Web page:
When corporations ‘leave town’ the results can be devastating. Packard building, Detroit. (Photo Albert Duce)

But goods and services don’t need the kind of scale of operation we see with the likes of Volkswagen or Vodaphone or Barclays. Cars were once built by small companies, a communications network can be facilitated by government say, and then leased to smaller companies, Germany has regional and local banks. (Just like the old British pattern of building societies.)

Like any large herbivore, there is a constant need to keep eating, however corporations are not herbivores, they’re more like carnivores, but they weren’t always like this. Did the rot set in with the deregulation of the 1980s? An ever-evolving round of consolidations of companies buying up smaller companies, swelling like snowballs until, in the music industry, there were only three major labels left: Sony Music Entertinment, Warner Music Group and Universal Music Group. And even they are now entangled with other media conglomerates like LiveNation so that the whole musical ecosystem becomes controlled by fewer and fewer companies.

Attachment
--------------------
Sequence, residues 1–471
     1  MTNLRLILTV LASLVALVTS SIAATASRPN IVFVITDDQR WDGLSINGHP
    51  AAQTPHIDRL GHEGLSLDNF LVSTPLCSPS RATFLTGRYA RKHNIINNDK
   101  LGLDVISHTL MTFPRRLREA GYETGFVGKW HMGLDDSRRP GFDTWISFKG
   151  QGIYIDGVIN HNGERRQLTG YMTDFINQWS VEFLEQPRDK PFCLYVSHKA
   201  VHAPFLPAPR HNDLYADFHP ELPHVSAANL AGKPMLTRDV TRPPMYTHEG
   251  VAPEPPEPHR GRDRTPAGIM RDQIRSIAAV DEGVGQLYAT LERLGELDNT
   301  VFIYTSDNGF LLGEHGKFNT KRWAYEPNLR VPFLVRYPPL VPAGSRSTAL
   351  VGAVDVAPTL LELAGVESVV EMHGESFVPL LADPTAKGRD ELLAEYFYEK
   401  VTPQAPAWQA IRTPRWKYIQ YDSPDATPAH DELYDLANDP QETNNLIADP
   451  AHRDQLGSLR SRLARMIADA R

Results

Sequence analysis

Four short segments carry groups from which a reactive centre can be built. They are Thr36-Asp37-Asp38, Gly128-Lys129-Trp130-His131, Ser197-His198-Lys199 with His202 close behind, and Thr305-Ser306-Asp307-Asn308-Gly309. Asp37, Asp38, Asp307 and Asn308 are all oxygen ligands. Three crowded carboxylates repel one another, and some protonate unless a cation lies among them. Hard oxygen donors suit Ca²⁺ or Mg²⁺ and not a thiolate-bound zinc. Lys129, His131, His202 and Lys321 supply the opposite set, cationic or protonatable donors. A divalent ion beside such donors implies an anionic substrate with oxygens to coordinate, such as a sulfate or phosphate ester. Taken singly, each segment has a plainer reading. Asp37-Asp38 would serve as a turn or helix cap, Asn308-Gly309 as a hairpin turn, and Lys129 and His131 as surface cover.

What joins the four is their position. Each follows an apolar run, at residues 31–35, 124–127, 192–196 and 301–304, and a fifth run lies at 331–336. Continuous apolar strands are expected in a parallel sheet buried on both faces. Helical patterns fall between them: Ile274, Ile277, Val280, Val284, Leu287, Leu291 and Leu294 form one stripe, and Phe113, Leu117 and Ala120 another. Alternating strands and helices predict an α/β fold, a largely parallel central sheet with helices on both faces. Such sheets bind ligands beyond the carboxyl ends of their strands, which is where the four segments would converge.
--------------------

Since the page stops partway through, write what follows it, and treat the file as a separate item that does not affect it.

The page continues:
Economists prepared to stick their necks out will tell you that unlimited economic growth is unsustainable, impossible. But the pressures to do so filter through the supply chain from middle management to the customer. Even shareholders are ignored. BP shareholders rejected a £14 million bonus for their Chief Executive Bob Dudley, but it made no difference; the vote was only advisory, not binding. The CEO had already been paid anyway.

corps - takoma bibelotThis post isn’t a rant about corporate crime and bad behaviour, there are plenty of posts and articles and documentaries on the subject. It’s simply a question: how did it come to this and can we trace the origin of the change?